Canon G1 X Mark III here in November

The new flagship addition to the G-series of premium compact cameras, the Canon PowerShot G1 X Mark III features a 24.3-megapixel APS-C CMOS sensor and Canon’s Dual Pixel CMOS AF (Auto-Focus) technology.

Details are available on our companion site.



Diana Lee took this image, titled “Happy Canada Day, Toronto!”, at Toronto Island and submitted it to the City of Toronto Parks, Forestry and Recreation department’s 2017 Snap & Share photo contest, sponsored by Nikon Canada.

She won the contest and a Nikon D5600 DSLR.

The contest attracted more than 1,500 submissions.

Entries were judged by City staff with the help of Kristian Bogner, a professional photographer and Nikon Canada Ambassador; Neil Ever Osborne, a conservation photographer, filmmaker and Nikon Canada Ambassador; and Taku Kumabe, a freelance photographer and art director.

The winning photographs and runners-up can be viewed at Many submissions will also be featured on the Parks, Forestry and Recreation Facebook and Instagram pages.

The mouse and the elephant


When two new cameras at polar opposites of the size spectrum are announced practically simultaneously, you just can’t let it slide by. So . . .

GoPro has unveiled the Hero6 Black, offering 4K60 and 1080p240 video and the most advanced video stabilization ever in a GoPro. It has dramatically improved dynamic range and low-light performance, and an added digital zoom.

Hasselblad A6D

On the other hand, the A6D is a monster of an aerial camera with a 100-megapixel sensor. Weight of the body alone is 1.36 kg.

Tamron 100-400 mm lens coming soon

Tamron says we can expect a 100-400 mm f/4.5-6.3 Di VC USD zoom lens for full-frame DSLRs “by the end of 2017.”

The optical design includes three LD (Low Dispersion) lens elements for greater aberration reduction and Tamron’s original eBAND Coating for anti-reflection performance.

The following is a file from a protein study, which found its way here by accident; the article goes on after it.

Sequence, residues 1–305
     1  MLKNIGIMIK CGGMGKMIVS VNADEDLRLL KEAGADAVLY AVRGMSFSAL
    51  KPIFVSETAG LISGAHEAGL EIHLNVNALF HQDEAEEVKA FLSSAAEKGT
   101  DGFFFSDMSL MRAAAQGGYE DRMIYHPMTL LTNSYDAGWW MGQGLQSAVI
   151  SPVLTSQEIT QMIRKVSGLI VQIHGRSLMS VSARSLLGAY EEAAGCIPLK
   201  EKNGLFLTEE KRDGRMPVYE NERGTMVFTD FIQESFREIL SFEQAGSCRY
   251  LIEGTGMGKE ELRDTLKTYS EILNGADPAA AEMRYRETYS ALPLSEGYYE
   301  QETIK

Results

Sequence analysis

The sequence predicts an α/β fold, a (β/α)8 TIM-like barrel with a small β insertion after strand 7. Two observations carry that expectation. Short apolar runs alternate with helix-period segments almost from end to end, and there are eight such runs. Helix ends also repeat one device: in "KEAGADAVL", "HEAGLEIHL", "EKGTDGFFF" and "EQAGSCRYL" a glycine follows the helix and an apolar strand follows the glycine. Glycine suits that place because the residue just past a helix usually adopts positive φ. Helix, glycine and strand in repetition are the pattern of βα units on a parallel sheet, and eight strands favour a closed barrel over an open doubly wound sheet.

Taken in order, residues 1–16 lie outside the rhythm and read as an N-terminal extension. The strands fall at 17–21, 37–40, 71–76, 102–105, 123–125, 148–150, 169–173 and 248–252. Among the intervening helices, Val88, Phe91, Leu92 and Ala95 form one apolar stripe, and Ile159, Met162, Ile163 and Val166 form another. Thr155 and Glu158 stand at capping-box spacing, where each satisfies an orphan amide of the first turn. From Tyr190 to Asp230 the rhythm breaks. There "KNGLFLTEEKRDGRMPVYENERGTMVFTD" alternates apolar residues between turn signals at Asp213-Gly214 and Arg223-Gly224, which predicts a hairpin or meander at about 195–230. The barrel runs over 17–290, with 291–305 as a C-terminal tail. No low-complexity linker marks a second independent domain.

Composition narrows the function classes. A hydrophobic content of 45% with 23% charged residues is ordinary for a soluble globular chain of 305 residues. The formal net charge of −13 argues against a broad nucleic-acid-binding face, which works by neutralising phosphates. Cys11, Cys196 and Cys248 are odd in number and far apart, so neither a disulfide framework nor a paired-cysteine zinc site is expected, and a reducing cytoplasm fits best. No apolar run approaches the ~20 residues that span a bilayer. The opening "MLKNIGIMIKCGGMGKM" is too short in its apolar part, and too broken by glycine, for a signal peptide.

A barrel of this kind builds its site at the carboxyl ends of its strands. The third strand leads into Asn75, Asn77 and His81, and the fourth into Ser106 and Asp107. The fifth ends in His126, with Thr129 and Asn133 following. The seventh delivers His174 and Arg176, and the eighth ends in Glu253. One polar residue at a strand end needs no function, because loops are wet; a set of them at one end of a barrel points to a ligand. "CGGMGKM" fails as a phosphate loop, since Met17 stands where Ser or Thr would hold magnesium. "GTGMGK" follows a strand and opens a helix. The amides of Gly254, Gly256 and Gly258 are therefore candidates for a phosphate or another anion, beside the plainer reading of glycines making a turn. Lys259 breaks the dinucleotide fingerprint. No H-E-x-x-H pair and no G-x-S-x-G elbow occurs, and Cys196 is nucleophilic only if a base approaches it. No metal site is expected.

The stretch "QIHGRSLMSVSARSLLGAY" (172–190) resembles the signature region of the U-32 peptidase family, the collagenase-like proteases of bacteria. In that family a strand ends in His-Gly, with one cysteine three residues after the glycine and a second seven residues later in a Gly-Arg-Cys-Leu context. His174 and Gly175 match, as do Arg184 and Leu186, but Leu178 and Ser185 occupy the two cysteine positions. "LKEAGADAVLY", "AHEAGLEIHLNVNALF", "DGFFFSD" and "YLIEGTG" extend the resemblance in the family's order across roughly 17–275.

The lens offers moisture-resistant construction and fluorine coating for weather protection.

At 1,115 g (39.3 oz) the new lens is claimed to be the lightest weight in its class and features magnesium material in key areas of the lens barrel to improve weight reduction, strength and portability.

Tamron adds the lens will deliver fast and precise autofocus performance and consistently powerful VC (Vibration Compensation) benefits thanks to a high-speed Dual MPU (Micro-Processing Unit) control system.

The lens is fully compatible with Tamron’s 1.4X tele converter and the TAP-in Console which enables lens customizations for focus adjustments, VC mechanism adjustments and more.

Closest focusing is 1.5 m (59 in) and the lens has a maximum magnification ratio of 1:3.6.

An Arca Swiss compatible tripod mount will be available as an optional accessory.

It’s back!

From the new web page:

Whodathunkit? Polaroid is back in the instant camera and film business. It’s not the same company founded by Dr. Land, not the company which gave us the SX-70, not the company which was a blue chip stock until it went under. Nope, it’s another company, one which bought the rights to the name for use on instant photo products: Impossible.

The Impossible Project saw a small group of people resurrect the machinery used to make Polaroid instant film and create a new brand, called Impossible. This is the company which bought the rights to Polaroid instant photography and which is now marketing a camera and film bearing the Polaroid logo.

Word has it the camera will sell for a bit more than $100 (given today’s exchange rate, with the US getting it for about US$100) and film somewhere around $10 a pack.

The Impossible folks developed a faithful following of artists for the instant film the company produced. It will be interesting to see, what with the resurgence of analog film, how successful the Polaroid effort will be.

Sony RX10 IV here in October

Sony has a new flagship model in its Cyber-shot RX10 series, the RX10 IV. The company says it features the world’s fastest AF acquisition time of 0.03 seconds and up to 24 fps continuous shooting with full AF/AE tracking, 315 phase-detection AF points and a whopper of a lens: 24-600 mm f/2.4-F4 Zeiss Vario-Sonnar T*.

Details are available on our companion site.